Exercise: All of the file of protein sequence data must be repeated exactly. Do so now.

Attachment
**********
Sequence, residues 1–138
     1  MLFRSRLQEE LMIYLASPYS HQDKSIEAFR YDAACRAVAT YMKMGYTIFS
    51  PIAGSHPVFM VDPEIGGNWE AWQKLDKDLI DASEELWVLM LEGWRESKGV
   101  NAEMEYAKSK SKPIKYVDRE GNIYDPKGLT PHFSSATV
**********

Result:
Sequence, residues 1–138
     1  MLFRSRLQEE LMIYLASPYS HQDKSIEAFR YDAACRAVAT YMKMGYTIFS
    51  PIAGSHPVFM VDPEIGGNWE AWQKLDKDLI DASEELWVLM LEGWRESKGV
   101  NAEMEYAKSK SKPIKYVDRE GNIYDPKGLT PHFSSATV